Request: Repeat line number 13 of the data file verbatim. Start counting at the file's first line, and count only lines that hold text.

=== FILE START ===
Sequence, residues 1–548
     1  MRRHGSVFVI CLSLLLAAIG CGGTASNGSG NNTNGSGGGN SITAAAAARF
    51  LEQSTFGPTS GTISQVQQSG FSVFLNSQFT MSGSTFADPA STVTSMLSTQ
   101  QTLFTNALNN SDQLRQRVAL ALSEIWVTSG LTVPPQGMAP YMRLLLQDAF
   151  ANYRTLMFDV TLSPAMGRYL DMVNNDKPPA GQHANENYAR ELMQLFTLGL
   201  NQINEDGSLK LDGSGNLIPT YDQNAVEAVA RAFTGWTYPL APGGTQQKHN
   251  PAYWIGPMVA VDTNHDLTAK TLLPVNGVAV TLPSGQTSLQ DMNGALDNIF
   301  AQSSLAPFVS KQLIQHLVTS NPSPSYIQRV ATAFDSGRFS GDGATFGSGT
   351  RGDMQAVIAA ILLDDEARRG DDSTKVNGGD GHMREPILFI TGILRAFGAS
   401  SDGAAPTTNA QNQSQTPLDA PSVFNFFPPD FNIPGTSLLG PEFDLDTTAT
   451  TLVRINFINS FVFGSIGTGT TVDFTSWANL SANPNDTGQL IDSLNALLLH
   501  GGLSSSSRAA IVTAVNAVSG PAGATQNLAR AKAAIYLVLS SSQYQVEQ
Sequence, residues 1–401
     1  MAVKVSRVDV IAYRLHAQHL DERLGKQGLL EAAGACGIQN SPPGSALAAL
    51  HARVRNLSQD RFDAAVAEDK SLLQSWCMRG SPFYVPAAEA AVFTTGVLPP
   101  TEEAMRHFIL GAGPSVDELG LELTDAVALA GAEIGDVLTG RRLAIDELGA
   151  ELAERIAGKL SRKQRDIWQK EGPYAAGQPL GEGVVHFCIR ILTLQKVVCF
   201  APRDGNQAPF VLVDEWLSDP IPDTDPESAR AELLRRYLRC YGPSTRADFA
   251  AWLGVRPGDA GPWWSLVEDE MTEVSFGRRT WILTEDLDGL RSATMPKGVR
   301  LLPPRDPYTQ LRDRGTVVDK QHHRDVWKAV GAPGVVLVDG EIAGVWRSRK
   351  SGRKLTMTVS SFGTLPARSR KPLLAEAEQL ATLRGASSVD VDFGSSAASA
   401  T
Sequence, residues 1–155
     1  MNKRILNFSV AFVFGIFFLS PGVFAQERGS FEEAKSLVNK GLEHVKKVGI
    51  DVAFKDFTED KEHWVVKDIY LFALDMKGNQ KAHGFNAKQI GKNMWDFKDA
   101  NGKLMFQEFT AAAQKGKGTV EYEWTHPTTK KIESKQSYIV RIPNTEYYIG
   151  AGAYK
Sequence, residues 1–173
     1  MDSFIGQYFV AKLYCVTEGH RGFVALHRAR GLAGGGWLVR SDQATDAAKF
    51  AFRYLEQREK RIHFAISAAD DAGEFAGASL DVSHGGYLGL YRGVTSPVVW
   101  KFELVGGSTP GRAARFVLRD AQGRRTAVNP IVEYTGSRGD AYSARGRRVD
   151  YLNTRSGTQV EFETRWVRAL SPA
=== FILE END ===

Sequence, residues 1–401